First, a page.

From the looks of it, it could possibly be a prototype, it looks too good to have been a replacement part. Maybe it was purchased for scrap when Fermec on Barton Dock Rd was vacated and then demolished.
It's a fair size so I guess it would have been 10-15 ton machine.”
(I’ve deleted Alan’s comment and link to a picture as my virus checker told me it was infected with malware.)*
There must be about twenty tractors in various states of (dis)repair around here.
This one looks exceptionally sad…
Here’s Alan’s report on the machinery:
“The Fendt with the puncture is a nice piece of kit but a bit expensive at around 70/80k to leave it idle.
The yellow Fergy is quite a rare sight. It's an MF 65 in industrial yellow. They were built in Coventry and were painted red. If they went to an agricultural dealer they stayed red but if they went to a council or contractor they were repainted yellow as this one was. Hence the red front end.
When Massey moved the industrial section of the company to Stretford in Manchester they initially shipped machines from Coventry to be converted to "industrial". A few years later the Manchester factory started producing the machines entirely and they were painted yellow from scratch.”
As the sky started to cloud over, we made our way back to Irlam Station for an excellent lunch. It’s one of a number of a great dining spots hereabouts. Thanks to Reg for the recommendation.
Here’s our route, 13.5 km taking about 3 hours – very easy to navigate, and ideal for a half day stroll in countryside very close to the city centre.
Thanks for coming along, everyone.
* See Alan’s further comment, and here’s a picture:
**John B has now sent me this excellent link to an article written in 2013 describing some of David’s activities. Here’s an extract:
“David’s sightings have helped the Wildlife Trust to know when and where they can work on restoring the moss. The Trust owns Cadishead Moss and Astley Moss and manages 12 Yards Road and Highfield Moss. They bought the 90 hectares Little Woolden Moss last year and have worked over winter to ensure this expanse of peat extraction is returned to a carbon-capturing moss landscape.”
Tuesday, 30 September 2014
Glazebrook was mentioned in my last posting. That was in the context of a recce for this LDWA Plodders walk. In the event, only Reg turned up, and that was partly because he wanted to recce this section of the Salford Trail for himself, as he's doing it shortly with another walking group.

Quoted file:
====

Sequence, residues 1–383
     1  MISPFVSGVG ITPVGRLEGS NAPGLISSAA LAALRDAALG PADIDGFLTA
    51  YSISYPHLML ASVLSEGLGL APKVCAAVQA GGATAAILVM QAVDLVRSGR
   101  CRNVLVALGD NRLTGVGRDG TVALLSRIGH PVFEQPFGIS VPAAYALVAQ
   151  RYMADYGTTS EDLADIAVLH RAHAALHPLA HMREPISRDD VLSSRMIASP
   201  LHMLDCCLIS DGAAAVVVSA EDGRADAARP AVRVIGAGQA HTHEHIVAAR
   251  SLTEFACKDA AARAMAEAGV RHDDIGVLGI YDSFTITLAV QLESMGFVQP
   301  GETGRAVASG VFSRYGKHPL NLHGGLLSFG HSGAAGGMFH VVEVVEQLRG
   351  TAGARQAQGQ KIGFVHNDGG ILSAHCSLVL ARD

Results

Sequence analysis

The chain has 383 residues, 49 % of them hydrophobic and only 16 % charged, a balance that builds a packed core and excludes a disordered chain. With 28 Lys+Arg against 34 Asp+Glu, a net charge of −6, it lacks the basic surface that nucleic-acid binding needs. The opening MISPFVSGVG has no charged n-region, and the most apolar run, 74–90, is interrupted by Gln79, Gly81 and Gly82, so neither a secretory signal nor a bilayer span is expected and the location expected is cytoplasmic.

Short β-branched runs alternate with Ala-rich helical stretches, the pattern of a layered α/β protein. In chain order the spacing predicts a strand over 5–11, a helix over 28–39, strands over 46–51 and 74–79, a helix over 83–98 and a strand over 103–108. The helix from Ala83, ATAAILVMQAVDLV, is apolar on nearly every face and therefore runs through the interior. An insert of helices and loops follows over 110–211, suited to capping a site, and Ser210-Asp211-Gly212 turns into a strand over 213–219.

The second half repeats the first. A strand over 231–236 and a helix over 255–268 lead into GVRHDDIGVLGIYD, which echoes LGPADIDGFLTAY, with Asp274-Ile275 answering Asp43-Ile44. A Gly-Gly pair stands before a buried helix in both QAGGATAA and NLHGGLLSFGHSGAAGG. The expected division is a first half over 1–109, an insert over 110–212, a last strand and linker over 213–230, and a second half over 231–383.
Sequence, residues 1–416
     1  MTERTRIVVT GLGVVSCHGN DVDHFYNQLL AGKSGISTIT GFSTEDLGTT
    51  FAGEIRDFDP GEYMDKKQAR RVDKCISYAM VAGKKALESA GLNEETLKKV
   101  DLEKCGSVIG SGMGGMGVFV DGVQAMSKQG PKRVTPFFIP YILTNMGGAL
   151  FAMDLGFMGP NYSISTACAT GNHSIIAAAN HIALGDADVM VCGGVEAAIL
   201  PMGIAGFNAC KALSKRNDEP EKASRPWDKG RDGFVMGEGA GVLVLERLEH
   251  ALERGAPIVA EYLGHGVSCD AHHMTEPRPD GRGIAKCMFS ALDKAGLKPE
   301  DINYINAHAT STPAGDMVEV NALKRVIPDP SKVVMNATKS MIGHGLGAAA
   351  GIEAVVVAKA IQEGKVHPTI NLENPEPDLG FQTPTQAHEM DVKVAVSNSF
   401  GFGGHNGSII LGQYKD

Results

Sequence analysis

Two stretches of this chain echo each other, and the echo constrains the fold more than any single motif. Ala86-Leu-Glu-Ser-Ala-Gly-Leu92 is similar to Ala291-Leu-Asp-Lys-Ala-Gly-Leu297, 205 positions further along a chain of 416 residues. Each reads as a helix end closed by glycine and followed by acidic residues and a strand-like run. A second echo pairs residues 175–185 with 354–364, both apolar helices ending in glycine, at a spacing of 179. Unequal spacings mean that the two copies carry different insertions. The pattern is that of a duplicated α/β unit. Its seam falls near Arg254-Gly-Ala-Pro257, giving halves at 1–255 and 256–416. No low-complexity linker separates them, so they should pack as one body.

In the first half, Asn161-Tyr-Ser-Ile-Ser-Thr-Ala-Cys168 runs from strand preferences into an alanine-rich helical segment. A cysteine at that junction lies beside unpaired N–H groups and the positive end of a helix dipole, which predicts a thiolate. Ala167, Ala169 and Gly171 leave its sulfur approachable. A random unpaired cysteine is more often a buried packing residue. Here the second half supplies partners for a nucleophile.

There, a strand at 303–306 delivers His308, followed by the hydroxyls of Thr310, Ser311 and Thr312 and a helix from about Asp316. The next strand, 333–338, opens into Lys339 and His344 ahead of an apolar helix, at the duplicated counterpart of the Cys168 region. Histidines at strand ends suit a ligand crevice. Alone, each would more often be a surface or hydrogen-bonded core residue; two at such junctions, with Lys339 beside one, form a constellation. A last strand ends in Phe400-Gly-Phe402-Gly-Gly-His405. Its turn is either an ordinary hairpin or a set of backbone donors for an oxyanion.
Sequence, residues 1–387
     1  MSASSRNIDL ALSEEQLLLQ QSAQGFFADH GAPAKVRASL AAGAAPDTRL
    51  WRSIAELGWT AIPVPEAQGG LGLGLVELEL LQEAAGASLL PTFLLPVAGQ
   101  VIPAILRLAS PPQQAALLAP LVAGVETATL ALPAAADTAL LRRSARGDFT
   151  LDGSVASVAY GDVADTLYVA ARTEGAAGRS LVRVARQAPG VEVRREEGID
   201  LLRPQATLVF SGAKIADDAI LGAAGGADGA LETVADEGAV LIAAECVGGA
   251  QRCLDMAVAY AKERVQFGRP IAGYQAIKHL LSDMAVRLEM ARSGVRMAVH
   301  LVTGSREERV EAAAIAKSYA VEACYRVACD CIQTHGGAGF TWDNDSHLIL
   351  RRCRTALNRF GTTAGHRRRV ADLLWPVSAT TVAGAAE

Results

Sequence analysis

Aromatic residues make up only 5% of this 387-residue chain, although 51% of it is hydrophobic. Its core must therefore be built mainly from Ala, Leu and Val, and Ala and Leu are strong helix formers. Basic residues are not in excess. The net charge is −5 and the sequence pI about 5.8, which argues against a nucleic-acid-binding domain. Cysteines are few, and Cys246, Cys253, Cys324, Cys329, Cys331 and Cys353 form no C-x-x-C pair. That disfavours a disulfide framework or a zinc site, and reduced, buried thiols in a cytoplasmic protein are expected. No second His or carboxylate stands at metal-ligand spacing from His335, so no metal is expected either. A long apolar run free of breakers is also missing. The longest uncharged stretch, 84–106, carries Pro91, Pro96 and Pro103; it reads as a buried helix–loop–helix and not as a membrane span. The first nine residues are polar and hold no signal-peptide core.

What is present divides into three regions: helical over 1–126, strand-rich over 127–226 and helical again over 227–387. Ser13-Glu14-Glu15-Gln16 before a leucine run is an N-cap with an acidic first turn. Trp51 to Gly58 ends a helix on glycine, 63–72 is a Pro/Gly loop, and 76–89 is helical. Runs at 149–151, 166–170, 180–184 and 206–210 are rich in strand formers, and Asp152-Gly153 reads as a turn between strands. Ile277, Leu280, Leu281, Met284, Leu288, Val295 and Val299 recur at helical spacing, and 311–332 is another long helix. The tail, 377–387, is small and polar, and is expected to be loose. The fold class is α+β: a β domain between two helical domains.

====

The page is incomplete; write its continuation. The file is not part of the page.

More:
I suppose it's a credit to the LDWA's ethos that only Reg and I felt able to stoop to walking anything less than ten miles.
Here's the route - 10 km in 2.5 hours (note that I'm not pandering to LDWA luddites who fail to acknowledge any sort of metric measurements.)
It was a cloudy morning, on which Reg and I enjoyed a good chat. Despite being close to the centre of Manchester, we saw just a couple of people upgrading a footpath, and a few farm operatives getting on with driving tractors, pulling radishes or tending to ponies.
The footpath people seemed totally unconcerned that beyond one end of the new path was a jungle of nettles and brambles, and at the other end a ploughed field with no sign of a path.
Turf is one of a number of local crops:
‘Please use alternative footpath’ – now where might that be?
Footpath construction starts here:
…continues around the perimeter of Little Woolden Moss:
… and ends here:
The ‘path’ continues across this field. Straight ahead:
Reg and I chose a ‘non-path’ alternative:
The plethora of tractors do show signs of aging due to heavy use:
Radishes were being harvested:
There was a very healthy looking crop under the hessian sheets:
Another well used tractor:
A ‘Bedford Plough’ has pride of place in this garden:
Nearby, dahlias were flowering strongly, if in need of some dead-heading:
Turning alongside Glaze Brook, Holcroft Hall and its pond were passed on the other side of the brook:
Little Woolden Hall, a modest house, was soon passed:
… as were fields of beet?
The Keepers Cottage is now a private house near the M62 motorway:
We found ourselves on a Timberland Trail, as you do around here:
Despite the driest September ‘since records began’, we encountered a muddy enclave near the motorway:
A heftier tractor comes within the budget of those at Great Woolden Hall, although the WW1 POWs who used to help out here have been allowed home:
Salford has some pleasant countryside, such as this view from the front door of Great Woolden Hall:
Then my camera was eaten.
We adjourned to the Black Swan for lunch. Excellent it was as well. The goat's cheese salad with egg and beetroot was very tasty, served in an interesting/quirky/pretentious? wooden box.